NEW YORK: Donald Trump stood accused of conspiring to commit campaign fraud and two of his closest aides faced jail time Tuesday, after court proceedings that delivered a legal and political one-two punch to his embattled presidency.
In a drama that played out simultaneously across two US cities, two key aides each faced eight separate charges stemming from a federal investigation into the 2016 presidential election.
In New York, Trump's long-time attack-dog fixer Michael Cohen pled guilty to eight counts including making illegal campaign contributions.
In a sensational twist he pointed to the president as a co-conspirator.
Cohen pled guilty to illegally making pre-election hush payments, including to porn star Stormy Daniels, who says she had an affair with Trump.
But as part of a plea deal Cohen said he acted "in coordination and at the direction of a candidate for federal office."
"I participated in this conduct with the purpose of influencing the election," a visibly crestfallen Cohen told the judge, his voice trembling at times as he addressed the packed courtroom.
That admission put Trump himself in legal jeopardy and raised the prospect that a trusted lieutenant is ready to spill secrets, gathered over decades, in exchange for a reduced sentence.
The White House refused to comment on Cohen's allegation, with press secretary Sarah Sanders tersely telling reporters: "Refer you to the President's outside counsel."
While the Cohen drama was unfolding in New York, a jury in Virginia found Trump's one-time campaign chairman Paul Manafort guilty on eight counts including bank fraud, tax fraud and a failure to declare foreign bank accounts.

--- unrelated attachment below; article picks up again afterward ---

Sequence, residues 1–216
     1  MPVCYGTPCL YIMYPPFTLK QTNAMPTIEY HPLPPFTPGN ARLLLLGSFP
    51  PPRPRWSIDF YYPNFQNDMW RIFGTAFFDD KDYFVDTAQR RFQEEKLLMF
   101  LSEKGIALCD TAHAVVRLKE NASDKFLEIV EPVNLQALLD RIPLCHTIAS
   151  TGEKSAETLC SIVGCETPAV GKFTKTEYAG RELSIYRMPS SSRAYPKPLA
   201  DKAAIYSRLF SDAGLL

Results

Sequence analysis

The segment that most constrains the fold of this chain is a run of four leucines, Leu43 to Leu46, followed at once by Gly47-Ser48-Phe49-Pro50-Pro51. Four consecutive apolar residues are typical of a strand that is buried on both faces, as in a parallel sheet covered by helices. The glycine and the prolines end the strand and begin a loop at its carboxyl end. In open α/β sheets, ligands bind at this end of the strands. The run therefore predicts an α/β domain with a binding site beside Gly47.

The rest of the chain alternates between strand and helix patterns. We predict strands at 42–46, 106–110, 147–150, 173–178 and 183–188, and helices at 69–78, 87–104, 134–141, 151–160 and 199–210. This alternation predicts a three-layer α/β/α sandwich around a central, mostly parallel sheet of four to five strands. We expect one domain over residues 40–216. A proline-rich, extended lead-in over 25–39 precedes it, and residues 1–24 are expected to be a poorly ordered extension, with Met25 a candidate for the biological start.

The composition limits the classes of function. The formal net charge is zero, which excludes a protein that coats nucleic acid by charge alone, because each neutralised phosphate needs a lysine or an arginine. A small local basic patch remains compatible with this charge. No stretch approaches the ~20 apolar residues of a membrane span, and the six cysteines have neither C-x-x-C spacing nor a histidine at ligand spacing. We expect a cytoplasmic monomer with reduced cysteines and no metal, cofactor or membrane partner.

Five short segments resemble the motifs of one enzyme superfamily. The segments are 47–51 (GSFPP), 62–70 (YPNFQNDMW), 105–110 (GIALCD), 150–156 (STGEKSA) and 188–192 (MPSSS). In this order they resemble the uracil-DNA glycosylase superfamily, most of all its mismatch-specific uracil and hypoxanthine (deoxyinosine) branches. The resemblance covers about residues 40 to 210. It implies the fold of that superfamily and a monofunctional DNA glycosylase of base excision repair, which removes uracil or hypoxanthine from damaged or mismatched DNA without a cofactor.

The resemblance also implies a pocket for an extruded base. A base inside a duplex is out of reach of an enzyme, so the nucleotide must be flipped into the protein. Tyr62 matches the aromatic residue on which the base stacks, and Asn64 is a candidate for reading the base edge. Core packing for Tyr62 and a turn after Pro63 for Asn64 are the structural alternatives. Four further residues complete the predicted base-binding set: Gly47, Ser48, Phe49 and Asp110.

Trump expressed regret, calling Manafort "a good man."
"I feel very sad about that," Trump told reporters as he arrived in West Virginia for a rally, claiming the conviction was part of a "witch hunt" after the 2016 election.
"It's a very sad thing that happened, this has nothing to do with Russian collusion."
Trump also sought to distance himself from Manafort -- who was instrumental in the 72-year-old securing the 2016 Republican nomination.
"He worked for many, many people," said Trump, citing campaigns for former president Ronald Reagan and vice presidential candidate Bob Dole.
New York family
But it is Cohen's decision to enter a plea deal that may pose the most problems for the White House.
While it is US legal tradition that the president cannot be tried, the allegation, if proven will only increase calls for his impeachment.
Questioned by a federal judge in Manhattan, Cohen indicated he had paid sums of $130,000 and $150,000 each to two women who claimed they had affairs with Trump.
The two women are believed Stormy Daniels and Karen McDougal, a Playboy model who the president also denies having an affair with.
Cohen said he made the payments "at the request of a candidate" to silence "information that would be prejudicial to the candidate and the campaign."
In addition to two counts of violating campaign finance laws, Cohen pleaded guilty to five counts of tax fraud and one of bank fraud during the hearing before US District Judge William Pauley.
The judge informed the 51-year-old Cohen he faced a maximum of 65 years of imprisonment, with his sentenced set to be handed down on Dec 12.
The US president had spent much of Tuesday cooped up at the White House, as rainstorms raged outside and the two high profile legal cases with profound implications for his presidency reached their coda.
At a courthouse close to Washington, jurors spent four days deliberating on the 18 charges against Manafort.
While the jury was unable to reach a verdict on 10 counts, prompting the judge to declare a partial mistrial, Manafort was found guilty on the eight remaining charges.
These included five counts of making false income tax returns, two counts of bank fraud and one of failure to report foreign bank and financial accounts.
Each of the bank fraud counts carries a significant maximum sentence and the 69-year-old could theoretically live out the remainder of his years in prison -- though a legal expert contacted by AFP predicted his sentence would in reality run to under a decade.